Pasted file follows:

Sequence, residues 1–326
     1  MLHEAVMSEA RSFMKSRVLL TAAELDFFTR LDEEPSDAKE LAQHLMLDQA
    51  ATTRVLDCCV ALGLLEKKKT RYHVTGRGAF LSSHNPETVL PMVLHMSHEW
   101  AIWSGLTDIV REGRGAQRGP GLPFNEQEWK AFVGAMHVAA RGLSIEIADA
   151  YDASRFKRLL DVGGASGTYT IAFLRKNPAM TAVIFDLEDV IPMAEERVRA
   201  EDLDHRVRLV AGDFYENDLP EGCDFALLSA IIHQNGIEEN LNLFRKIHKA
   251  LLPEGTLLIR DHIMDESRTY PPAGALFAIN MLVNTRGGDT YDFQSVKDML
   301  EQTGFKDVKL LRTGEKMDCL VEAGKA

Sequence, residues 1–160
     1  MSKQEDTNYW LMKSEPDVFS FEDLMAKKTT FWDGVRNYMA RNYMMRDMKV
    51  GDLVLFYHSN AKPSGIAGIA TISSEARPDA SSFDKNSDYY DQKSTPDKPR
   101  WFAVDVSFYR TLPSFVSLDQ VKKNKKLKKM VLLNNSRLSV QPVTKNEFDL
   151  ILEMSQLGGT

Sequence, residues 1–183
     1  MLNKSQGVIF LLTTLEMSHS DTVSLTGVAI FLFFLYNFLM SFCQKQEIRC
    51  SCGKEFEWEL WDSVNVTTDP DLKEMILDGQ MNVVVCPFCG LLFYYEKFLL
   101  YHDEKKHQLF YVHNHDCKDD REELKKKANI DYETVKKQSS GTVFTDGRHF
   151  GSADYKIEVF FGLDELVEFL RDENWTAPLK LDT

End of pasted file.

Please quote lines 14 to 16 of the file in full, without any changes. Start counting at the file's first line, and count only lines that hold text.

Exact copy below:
Sequence, residues 1–183
     1  MLNKSQGVIF LLTTLEMSHS DTVSLTGVAI FLFFLYNFLM SFCQKQEIRC
    51  SCGKEFEWEL WDSVNVTTDP DLKEMILDGQ MNVVVCPFCG LLFYYEKFLL